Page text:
Date of Award
Master of Science
Geography and Environmental Resources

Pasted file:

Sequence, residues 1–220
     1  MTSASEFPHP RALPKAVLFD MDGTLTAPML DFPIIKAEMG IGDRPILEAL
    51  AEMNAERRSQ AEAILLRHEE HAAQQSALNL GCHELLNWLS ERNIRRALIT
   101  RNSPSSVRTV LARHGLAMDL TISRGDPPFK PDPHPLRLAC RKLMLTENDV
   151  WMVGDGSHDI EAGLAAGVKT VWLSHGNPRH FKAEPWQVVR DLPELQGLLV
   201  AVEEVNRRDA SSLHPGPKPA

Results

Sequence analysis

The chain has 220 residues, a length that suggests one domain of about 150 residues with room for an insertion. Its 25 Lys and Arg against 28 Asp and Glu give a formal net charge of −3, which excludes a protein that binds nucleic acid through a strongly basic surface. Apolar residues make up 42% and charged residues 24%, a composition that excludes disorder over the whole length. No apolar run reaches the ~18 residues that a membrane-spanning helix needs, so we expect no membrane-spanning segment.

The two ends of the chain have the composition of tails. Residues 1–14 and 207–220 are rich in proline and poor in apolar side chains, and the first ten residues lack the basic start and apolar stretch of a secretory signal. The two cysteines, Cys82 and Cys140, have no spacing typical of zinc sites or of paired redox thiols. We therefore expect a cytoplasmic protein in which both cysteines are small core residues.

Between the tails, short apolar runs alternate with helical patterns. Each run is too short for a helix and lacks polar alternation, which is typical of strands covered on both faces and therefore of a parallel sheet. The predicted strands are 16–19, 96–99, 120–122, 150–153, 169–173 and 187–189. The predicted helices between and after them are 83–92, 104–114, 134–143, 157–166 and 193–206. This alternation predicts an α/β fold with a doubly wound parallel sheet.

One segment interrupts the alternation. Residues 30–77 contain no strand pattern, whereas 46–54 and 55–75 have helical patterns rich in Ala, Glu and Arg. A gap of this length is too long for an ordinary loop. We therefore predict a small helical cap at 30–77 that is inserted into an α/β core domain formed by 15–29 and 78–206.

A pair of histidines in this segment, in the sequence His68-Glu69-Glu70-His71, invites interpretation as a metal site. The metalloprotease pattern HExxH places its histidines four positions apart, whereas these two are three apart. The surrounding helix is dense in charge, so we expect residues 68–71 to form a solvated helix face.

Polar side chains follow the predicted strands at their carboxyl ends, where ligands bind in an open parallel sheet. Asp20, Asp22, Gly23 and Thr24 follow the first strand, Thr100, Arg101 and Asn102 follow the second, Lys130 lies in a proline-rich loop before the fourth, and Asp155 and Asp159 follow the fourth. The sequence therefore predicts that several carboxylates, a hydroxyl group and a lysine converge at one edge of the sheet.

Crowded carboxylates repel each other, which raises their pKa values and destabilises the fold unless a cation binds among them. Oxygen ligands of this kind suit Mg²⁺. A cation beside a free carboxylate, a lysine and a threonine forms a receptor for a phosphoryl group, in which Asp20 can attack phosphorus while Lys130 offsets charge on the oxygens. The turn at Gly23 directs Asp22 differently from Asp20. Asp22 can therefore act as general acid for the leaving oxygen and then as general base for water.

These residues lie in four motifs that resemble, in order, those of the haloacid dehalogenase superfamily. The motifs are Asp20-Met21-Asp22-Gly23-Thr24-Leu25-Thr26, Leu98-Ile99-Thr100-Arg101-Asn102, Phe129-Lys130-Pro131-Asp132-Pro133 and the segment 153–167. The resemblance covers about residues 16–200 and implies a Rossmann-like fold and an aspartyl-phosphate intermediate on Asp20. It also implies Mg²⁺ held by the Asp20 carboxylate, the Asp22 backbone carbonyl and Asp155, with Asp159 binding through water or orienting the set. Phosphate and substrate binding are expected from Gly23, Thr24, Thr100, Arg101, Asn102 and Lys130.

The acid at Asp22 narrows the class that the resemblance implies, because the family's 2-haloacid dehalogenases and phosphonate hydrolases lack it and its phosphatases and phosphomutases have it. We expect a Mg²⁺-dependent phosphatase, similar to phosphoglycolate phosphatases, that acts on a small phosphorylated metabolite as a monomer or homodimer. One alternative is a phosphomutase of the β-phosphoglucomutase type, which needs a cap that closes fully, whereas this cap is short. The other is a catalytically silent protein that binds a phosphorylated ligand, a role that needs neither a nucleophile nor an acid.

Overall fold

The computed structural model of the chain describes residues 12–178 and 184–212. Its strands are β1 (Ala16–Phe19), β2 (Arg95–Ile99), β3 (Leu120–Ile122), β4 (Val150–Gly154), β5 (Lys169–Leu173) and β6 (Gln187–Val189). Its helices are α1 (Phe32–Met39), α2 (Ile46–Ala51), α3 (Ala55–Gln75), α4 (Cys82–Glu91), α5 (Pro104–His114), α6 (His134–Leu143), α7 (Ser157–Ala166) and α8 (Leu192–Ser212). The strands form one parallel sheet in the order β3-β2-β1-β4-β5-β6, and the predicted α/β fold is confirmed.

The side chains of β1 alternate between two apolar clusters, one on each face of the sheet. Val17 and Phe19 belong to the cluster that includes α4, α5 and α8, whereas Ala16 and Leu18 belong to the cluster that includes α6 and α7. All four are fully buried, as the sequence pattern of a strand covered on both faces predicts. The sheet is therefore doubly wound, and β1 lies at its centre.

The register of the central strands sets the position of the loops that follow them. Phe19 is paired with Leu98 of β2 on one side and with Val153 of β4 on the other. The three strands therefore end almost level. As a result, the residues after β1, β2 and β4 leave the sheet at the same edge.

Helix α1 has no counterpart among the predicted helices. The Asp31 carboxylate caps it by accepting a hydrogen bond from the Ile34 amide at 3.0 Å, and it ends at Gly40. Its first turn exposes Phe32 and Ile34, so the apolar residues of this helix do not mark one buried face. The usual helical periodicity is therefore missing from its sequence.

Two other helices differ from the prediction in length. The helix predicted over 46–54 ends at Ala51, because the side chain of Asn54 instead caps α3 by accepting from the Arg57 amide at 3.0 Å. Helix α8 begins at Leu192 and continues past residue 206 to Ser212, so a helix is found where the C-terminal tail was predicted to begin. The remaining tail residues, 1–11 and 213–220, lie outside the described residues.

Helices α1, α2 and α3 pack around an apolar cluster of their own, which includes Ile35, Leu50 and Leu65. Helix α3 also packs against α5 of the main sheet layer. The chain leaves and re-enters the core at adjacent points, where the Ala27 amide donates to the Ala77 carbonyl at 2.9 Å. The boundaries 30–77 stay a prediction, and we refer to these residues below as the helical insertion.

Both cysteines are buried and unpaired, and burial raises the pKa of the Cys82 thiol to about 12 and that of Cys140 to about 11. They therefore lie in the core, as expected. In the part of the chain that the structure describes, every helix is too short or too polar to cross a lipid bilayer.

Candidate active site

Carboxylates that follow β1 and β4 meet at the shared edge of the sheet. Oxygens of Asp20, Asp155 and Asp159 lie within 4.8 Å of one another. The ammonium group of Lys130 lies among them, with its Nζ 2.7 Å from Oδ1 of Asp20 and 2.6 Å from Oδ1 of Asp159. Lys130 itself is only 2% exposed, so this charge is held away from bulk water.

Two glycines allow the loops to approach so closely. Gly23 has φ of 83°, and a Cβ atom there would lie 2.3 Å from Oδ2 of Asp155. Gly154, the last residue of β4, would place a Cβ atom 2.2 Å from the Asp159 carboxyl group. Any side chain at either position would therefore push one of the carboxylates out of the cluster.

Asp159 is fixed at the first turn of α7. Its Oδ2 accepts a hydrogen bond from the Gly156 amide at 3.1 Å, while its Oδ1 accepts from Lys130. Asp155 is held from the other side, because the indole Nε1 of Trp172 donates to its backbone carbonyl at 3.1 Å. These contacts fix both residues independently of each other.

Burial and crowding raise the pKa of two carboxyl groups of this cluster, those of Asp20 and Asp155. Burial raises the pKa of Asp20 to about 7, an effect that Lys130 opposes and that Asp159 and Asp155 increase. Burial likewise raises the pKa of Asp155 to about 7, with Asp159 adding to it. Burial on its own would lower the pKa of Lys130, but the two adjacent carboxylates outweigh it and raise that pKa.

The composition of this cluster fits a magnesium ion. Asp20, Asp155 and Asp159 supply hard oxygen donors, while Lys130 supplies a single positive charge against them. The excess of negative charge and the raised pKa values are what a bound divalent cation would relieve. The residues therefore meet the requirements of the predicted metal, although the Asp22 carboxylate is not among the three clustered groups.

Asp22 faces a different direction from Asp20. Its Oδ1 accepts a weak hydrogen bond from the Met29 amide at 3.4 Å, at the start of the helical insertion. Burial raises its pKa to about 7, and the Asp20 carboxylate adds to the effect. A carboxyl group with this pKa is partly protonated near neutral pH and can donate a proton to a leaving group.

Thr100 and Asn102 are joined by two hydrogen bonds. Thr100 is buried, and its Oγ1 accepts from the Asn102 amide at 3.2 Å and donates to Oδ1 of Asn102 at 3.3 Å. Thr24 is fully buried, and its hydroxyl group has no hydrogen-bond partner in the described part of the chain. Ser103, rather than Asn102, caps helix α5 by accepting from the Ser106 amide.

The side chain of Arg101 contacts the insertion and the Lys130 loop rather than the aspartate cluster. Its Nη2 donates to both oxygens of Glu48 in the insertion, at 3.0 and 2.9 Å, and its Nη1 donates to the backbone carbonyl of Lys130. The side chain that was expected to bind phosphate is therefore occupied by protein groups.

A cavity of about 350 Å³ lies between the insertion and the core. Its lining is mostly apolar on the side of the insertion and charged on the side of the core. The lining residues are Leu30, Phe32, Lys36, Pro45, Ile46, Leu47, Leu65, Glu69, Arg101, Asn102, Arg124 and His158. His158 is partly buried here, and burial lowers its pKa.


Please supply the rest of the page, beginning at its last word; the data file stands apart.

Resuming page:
In many developing countries, the stress of rapidly growing populations, mismanagement of resources and changing climate has created a burden on already compromised water resources. In Africa, where a significant proportion of the population is without access to improved water source, the urgency for clean available water sources to sustain healthy and productive human and natural populations has become a priority. As a water scarce country, Kenya has seen an increased investment in rainwater harvesting (RWH) projects to harness the vastly untapped rainwater resource, particularly in rural areas. Most of RWH literature is centered on the potential and implementation of rainwater harvesting systems, however not much focus has been placed on examining the demand satisfaction of these systems. This study investigates the reliability of rooftop rainwater harvesting (RRWH) as a key priority source of water supply for domestic use in three towns in Western Kenya: Kisumu, Nakuru and Lodwar. This was done using two approaches (1) the fraction of time water was available and (2) the fraction of time that a minimum demand was met, with acceptable reliability of 0.95 or higher. Actual rainfall data and RRWH parameters were used to produce supply/demand simulations of the system under Constant-Demand and Responsive-Demand scenarios over ten years. It was observed that all towns achieved acceptable reliability values for RRWH in terms of water availability however Lodwar only achieved demand satisfaction below 0.95. This study concluded that though RRWH cannot satisfy the minimum demand requirement through all days of the year, it is more than able to provide an alternative water supply for the domestic household in periods of long dry spells or when primary water source are inadequate.
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